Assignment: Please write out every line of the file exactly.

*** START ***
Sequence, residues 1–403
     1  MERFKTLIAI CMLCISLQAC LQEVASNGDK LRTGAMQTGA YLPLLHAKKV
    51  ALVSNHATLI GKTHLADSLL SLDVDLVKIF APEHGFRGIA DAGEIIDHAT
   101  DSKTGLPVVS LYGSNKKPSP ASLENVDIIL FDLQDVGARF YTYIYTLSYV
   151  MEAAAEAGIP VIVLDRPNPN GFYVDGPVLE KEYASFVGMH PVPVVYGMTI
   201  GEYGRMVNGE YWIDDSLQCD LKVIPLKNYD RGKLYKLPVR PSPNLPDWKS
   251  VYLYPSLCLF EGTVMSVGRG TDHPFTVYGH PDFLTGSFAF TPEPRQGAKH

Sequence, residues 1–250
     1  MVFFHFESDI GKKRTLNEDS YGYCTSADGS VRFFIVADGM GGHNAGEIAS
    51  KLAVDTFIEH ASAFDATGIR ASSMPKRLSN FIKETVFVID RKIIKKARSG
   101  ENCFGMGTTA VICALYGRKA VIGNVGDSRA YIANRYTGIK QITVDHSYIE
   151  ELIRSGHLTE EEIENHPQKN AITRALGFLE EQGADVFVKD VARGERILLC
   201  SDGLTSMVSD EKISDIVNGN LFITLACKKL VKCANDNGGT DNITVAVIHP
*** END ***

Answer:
Sequence, residues 1–403
     1  MERFKTLIAI CMLCISLQAC LQEVASNGDK LRTGAMQTGA YLPLLHAKKV
    51  ALVSNHATLI GKTHLADSLL SLDVDLVKIF APEHGFRGIA DAGEIIDHAT
   101  DSKTGLPVVS LYGSNKKPSP ASLENVDIIL FDLQDVGARF YTYIYTLSYV
   151  MEAAAEAGIP VIVLDRPNPN GFYVDGPVLE KEYASFVGMH PVPVVYGMTI
   201  GEYGRMVNGE YWIDDSLQCD LKVIPLKNYD RGKLYKLPVR PSPNLPDWKS
   251  VYLYPSLCLF EGTVMSVGRG TDHPFTVYGH PDFLTGSFAF TPEPRQGAKH

Sequence, residues 1–250
     1  MVFFHFESDI GKKRTLNEDS YGYCTSADGS VRFFIVADGM GGHNAGEIAS
    51  KLAVDTFIEH ASAFDATGIR ASSMPKRLSN FIKETVFVID RKIIKKARSG
   101  ENCFGMGTTA VICALYGRKA VIGNVGDSRA YIANRYTGIK QITVDHSYIE
   151  ELIRSGHLTE EEIENHPQKN AITRALGFLE EQGADVFVKD VARGERILLC
   201  SDGLTSMVSD EKISDIVNGN LFITLACKKL VKCANDNGGT DNITVAVIHP